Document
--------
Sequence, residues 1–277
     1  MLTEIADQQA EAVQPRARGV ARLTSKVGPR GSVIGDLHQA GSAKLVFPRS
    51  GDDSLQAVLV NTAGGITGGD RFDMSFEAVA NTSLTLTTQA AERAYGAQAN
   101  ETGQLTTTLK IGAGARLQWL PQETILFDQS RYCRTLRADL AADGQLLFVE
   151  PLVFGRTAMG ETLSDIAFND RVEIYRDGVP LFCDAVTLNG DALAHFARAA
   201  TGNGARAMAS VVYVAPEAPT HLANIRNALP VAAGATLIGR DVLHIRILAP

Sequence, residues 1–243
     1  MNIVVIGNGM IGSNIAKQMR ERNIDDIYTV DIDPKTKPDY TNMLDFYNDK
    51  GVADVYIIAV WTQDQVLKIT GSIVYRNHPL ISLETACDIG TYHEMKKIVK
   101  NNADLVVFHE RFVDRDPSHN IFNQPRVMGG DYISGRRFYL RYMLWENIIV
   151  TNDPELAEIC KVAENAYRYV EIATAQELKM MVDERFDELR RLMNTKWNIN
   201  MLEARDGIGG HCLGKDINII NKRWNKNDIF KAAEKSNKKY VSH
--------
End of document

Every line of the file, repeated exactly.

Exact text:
Sequence, residues 1–277
     1  MLTEIADQQA EAVQPRARGV ARLTSKVGPR GSVIGDLHQA GSAKLVFPRS
    51  GDDSLQAVLV NTAGGITGGD RFDMSFEAVA NTSLTLTTQA AERAYGAQAN
   101  ETGQLTTTLK IGAGARLQWL PQETILFDQS RYCRTLRADL AADGQLLFVE
   151  PLVFGRTAMG ETLSDIAFND RVEIYRDGVP LFCDAVTLNG DALAHFARAA
   201  TGNGARAMAS VVYVAPEAPT HLANIRNALP VAAGATLIGR DVLHIRILAP

Sequence, residues 1–243
     1  MNIVVIGNGM IGSNIAKQMR ERNIDDIYTV DIDPKTKPDY TNMLDFYNDK
    51  GVADVYIIAV WTQDQVLKIT GSIVYRNHPL ISLETACDIG TYHEMKKIVK
   101  NNADLVVFHE RFVDRDPSHN IFNQPRVMGG DYISGRRFYL RYMLWENIIV
   151  TNDPELAEIC KVAENAYRYV EIATAQELKM MVDERFDELR RLMNTKWNIN
   201  MLEARDGIGG HCLGKDINII NKRWNKNDIF KAAEKSNKKY VSH